Denmark, Norway, and Sweden have become important export markets for fine wines in recent times. Scandinavian winters are getting warmer which are lengthening the growing seasons, allowing for more experimentation with viticulture. Humidity-resistant cold-hardy hybrid grapes like Solaris and Rondo have been the most popular plantings, followed closely by Rieslings in Norway. Regions like Skane in Sweden are now mini-wine hot spots. Scandinavia is catching up with England in leaps and bounds. The world’s most northern commercial vineyard is located in Lerkekåsa in Telemark, Norway.


Tasmanian Vineyard

Vineyards in Tasmania, Source: Wine Australia

Mainland Australia is currently attracting wine enthusiasts across the world. The temperatures in Australia are warming increasingly with the potential for severe heatwaves and drought. The onus of putting Australian wines on the map has then rested on the mighty shoulders of tiny Tasmania. Climate change has improved the growing conditions in Tasmania which has proved suitable for growing varieties like Riesling and Sauvignon Blanc. The Barossa Valley has long been the only popular place for their wines in Australia and Tasmania is challenging this very belief. Tasmania is producing vastly different and interesting drinks from dry rieslings to Sauvignon Blancs. Wines with riesling, chardonnay, sauvignon blanc, cabernet sauvignon, pinot Gris, and Gewurztraminer are some of the popular variants of wines in Tasmania.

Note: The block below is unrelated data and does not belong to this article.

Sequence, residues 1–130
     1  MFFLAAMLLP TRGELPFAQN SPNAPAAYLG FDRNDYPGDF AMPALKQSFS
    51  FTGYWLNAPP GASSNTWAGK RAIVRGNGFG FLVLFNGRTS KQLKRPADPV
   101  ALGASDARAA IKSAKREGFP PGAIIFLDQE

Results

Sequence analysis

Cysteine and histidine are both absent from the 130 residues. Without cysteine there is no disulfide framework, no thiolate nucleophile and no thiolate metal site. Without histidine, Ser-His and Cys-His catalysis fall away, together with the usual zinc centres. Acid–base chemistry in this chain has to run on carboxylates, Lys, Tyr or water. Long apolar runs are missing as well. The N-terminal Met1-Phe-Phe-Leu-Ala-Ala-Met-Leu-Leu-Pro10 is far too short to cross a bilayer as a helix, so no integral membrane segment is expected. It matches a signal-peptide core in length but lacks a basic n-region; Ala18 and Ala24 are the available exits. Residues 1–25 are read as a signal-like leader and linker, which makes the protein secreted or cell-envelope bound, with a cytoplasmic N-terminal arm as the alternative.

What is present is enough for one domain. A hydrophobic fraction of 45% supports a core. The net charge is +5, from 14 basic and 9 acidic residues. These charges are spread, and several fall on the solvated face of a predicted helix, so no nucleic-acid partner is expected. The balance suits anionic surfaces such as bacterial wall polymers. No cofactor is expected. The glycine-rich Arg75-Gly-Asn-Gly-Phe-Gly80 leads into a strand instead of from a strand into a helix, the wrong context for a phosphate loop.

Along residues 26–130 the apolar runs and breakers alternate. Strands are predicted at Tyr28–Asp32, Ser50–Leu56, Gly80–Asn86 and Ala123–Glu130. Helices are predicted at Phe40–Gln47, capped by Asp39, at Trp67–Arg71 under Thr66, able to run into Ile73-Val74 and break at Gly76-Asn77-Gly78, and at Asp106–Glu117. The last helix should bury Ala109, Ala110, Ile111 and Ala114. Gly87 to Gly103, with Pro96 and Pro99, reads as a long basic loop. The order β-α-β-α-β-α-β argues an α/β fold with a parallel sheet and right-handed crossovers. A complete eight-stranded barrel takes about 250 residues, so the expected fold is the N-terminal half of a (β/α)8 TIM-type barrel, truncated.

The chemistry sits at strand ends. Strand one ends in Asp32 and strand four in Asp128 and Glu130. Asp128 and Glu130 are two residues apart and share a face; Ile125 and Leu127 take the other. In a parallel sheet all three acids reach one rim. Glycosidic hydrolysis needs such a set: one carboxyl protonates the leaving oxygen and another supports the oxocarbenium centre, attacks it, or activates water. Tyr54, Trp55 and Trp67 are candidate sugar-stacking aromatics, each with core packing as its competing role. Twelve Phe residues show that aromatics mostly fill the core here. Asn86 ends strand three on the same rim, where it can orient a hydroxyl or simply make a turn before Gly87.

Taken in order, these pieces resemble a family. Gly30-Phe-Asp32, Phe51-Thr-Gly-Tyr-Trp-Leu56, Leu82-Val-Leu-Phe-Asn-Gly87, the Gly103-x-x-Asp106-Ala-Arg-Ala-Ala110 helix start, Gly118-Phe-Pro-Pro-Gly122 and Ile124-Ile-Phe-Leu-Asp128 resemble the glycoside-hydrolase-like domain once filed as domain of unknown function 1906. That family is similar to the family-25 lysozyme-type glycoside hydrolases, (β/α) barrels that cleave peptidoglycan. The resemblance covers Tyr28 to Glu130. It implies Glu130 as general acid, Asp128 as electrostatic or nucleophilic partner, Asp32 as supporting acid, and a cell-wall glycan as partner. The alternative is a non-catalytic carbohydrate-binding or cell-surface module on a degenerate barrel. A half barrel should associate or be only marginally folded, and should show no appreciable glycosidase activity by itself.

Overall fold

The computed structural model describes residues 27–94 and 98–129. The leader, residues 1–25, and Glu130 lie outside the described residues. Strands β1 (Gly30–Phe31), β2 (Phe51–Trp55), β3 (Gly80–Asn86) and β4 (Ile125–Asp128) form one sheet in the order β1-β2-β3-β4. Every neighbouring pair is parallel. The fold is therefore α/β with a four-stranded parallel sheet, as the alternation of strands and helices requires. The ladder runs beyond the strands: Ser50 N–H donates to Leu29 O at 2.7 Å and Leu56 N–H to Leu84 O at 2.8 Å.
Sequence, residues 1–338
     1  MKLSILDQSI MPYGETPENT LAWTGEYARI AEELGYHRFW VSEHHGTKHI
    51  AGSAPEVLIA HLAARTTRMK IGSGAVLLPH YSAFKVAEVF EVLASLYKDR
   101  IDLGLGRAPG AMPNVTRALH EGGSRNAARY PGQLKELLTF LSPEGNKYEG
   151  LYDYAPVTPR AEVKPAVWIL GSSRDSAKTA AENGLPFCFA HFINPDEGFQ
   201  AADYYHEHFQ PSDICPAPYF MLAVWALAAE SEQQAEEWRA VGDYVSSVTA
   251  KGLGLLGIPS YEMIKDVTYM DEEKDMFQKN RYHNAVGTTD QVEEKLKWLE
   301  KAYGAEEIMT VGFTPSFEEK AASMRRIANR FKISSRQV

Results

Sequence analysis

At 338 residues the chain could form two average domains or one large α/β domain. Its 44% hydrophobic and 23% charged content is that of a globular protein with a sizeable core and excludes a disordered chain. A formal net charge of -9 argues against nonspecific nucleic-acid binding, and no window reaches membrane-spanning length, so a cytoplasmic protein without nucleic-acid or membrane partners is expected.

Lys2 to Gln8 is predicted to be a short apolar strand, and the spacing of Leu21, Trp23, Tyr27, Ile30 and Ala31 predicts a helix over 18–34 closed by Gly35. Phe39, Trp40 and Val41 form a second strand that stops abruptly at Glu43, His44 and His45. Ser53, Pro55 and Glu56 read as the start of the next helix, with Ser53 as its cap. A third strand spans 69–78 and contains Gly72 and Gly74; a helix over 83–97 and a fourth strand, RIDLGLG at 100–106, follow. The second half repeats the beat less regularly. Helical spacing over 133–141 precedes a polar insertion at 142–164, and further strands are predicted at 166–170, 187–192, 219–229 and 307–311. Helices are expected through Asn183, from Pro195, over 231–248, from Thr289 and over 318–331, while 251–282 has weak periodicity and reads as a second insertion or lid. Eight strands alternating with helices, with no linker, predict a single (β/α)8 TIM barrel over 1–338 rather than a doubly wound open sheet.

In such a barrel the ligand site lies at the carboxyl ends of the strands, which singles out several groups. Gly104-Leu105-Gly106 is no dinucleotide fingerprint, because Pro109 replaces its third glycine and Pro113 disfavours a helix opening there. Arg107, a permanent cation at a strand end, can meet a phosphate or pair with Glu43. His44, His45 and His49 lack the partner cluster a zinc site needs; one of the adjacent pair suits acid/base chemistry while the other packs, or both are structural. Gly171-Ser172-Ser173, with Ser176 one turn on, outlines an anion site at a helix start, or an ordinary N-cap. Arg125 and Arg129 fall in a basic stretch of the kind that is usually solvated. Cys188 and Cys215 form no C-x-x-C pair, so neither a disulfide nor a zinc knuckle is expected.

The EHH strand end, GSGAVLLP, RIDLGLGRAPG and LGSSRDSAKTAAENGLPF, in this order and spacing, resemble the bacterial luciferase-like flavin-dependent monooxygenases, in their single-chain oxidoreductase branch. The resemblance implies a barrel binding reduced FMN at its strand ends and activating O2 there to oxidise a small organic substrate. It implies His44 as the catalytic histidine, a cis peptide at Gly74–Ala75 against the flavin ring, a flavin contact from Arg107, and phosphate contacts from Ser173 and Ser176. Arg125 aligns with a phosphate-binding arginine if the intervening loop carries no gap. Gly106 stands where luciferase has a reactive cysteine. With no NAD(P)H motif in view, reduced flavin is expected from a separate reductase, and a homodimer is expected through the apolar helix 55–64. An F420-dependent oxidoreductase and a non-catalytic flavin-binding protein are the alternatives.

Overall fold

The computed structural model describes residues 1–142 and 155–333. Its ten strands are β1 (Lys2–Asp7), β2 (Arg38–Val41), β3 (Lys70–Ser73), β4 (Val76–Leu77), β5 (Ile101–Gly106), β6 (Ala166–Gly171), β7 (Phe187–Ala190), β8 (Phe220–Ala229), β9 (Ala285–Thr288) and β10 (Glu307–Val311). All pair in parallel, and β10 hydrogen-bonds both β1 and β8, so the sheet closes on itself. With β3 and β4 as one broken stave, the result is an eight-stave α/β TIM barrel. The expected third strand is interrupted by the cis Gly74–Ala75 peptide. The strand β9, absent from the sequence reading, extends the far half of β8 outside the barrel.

Northern United States

Tasmanian Vineyard

Northern United States’ Vineyards, Source: Meredith Corp

Increasingly warming temperatures across the United States is a motivation enough for winemakers to look northward towards Michigan, Wyoming, and Montana. The wine industries across these spaces are on a small scale but their cooler climates make them a favorable space to grow grapes when it is too warm or arid in the Napa Valley. The high hopes of this region are set on Michigan’s immense potential to outshine. The number of wineries in Michigan has skyrocketed from 16 to 130 in just the past decade. As the climate warms, wine production is scaling up.


Belgian Vineyards

Belgian Vineyards, Source: Belgian Wine

Rising temperatures of Europe’s northern climbs have boosted the minuscule trade in Belgium. The production of wine in Belgium has quadrupled in recent times. Vineyards are now taking up more space in the country. Twelve years ago, vines covered just 72 hectares (0.28 square miles) of Belgium, a country better known for its beers, data from Belgium’s economy ministry show. Last year, that area had expanded almost five-fold to cover 343 hectares - still miniscule compared to neighboring France, but a start. While the weather seems too erratic for wines, Belgian Wines continue to prosper. Hageland wine, Hesbaye wine, Heuvelland wine, and wines from the Sambre-Meuse Valley are the most popular wines from Belgium. Flemish sparkling wine and Crémant de Wallonie are two sparkling wines from the region.

Prithvi Nagpal, Editor & Sommelier